Researchers Fighting Brain Tumors With Modified Polio Vaccine

Researchers have found that a modified version of the polio vaccine, infused straight into aggressive brain tumors, may help some patients fight a deadly form of brain cancer. The team, from the Duke University School of Medicine, recently published their findings in the New England Journal of Medicine. The team also made a presentation at the 22nd International Conference on Brain Tumor Research in Norway.

According to the National Brain Tumor Society, about 80,000 people a year are diagnosed with a brain tumor, and about 24,000 of those are malignant. Standard treatment of brain tumors includes surgery if the tumor is somewhere reachable; chemotherapy; and radiation. But if the tumor is aggressive, it’s usually fatal. The average survival rate for all malignant brain tumor patients is only 34.7 percent.

Glioblastoma is the most common and aggressive malignant brain tumor in adults. Sen. John McCain, R-Ariz., is currently fighting glioblastoma, while Sen. Edward Kennedy, D-Mass., and former Vice President Joe Biden’s son Beau were both killed by the cancer. About a third of all brain tumors are gliomas.

The team at Duke worked with the National Cancer Institute to design and manufacture a modified version of the polio vaccine virus for the test. Using polio viruses already weakened and altered for use in polio vaccines, the medical team genetically engineered them to carry parts of a rhinovirus. They then infused various doses into the tumors of the 61 glioma patients.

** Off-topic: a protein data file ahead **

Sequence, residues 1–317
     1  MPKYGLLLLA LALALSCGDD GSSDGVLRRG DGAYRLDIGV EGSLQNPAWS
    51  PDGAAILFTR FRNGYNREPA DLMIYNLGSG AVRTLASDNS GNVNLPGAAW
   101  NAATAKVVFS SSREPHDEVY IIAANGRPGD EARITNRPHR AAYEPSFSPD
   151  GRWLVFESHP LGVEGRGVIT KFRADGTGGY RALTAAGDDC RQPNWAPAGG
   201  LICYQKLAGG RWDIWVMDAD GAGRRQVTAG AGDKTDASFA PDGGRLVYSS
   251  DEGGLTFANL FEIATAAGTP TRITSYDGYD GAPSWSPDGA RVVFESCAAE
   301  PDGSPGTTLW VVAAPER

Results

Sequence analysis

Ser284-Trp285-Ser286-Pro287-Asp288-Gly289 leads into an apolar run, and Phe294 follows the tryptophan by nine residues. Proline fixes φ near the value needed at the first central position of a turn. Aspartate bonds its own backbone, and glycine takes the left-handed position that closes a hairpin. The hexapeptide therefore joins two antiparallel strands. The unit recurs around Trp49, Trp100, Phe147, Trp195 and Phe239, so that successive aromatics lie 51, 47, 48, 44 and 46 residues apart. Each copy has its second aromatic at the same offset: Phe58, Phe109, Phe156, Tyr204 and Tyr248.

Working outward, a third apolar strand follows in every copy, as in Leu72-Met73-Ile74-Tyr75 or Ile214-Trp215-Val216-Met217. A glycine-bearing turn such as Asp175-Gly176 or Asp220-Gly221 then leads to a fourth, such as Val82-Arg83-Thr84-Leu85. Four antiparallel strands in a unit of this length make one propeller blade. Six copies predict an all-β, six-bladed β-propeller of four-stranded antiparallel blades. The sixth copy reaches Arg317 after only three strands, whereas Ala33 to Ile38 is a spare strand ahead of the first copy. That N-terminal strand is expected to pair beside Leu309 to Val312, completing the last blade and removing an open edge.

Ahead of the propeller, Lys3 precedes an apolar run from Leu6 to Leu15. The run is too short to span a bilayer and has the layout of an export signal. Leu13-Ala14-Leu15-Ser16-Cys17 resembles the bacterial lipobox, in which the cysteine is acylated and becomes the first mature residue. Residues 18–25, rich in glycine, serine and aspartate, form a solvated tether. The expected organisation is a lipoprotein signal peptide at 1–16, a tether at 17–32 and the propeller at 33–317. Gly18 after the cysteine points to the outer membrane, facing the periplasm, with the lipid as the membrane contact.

Neurologist Dr. Darell Bigner, who led the study team, said, “We inject the virus directly into brain tumors and it kills all the tumor cells it comes in contact with. The most important thing is, it sets up a secondary immune response and really destroys the distant tumor cells.” As of March of this year, eight patients had no evidence of the tumors growing any more and two had no evidence of a brain tumor at all.

In all, about 20 percent of patients with gliomas were helped and were still alive after three years. The Duke team compared their volunteers to similar past patients who did not get the treatment. All but one of those previous patients died after an average of 11 months.

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